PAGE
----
A drop of water bounces off a soap film

Image by John Bush & Tristan Gilet

by Anne Trafton in Physics / Physics

MIT math professor John Bush and visiting student Tristan Gilet built the system in the Applied Math Laboratory, then demonstrated that the drop bouncing may be accurately described with a single simple equation. They report their findings in an upcoming issue of *Physical Review Letters.*

Their study builds upon the pioneering work of the late Edward Lorenz, an MIT meteorologist who in 1963 discovered chaos in a simplified mathematical model of the atmosphere, now called the Lorenz equations. Known as the father of chaos theory, Lorenz passed away in April 2008 after a distinguished career in MIT's Department of Earth, Atmosphere and Planetary Sciences.

The trademark of chaotic systems is their sensitivity to initial conditions. Any uncertainty in the initial state of a chaotic system will soon be amplified, leading to a loss of predictive power over the system. The chaotic nature of the Earth's atmosphere is responsible for the shortcomings of weather forecasts, which are notoriously untrustworthy beyond a few days.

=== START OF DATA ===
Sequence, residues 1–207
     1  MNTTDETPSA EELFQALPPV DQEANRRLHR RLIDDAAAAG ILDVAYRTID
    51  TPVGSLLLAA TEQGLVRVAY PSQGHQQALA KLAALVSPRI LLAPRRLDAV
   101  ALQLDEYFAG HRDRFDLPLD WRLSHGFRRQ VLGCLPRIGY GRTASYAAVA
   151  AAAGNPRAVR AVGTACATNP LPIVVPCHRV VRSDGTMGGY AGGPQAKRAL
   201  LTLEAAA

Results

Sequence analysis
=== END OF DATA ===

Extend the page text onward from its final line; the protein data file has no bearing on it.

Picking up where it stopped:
Since Lorenz's early work, chaos has been discovered in a wide variety of complex systems, from the beating heart to population dynamics, from planetary orbits to the stock market. An interesting philosophical question arises, says Bush: "What is the simplest physical system that exhibits chaotic behavior? What are the minimum ingredients for chaos?"

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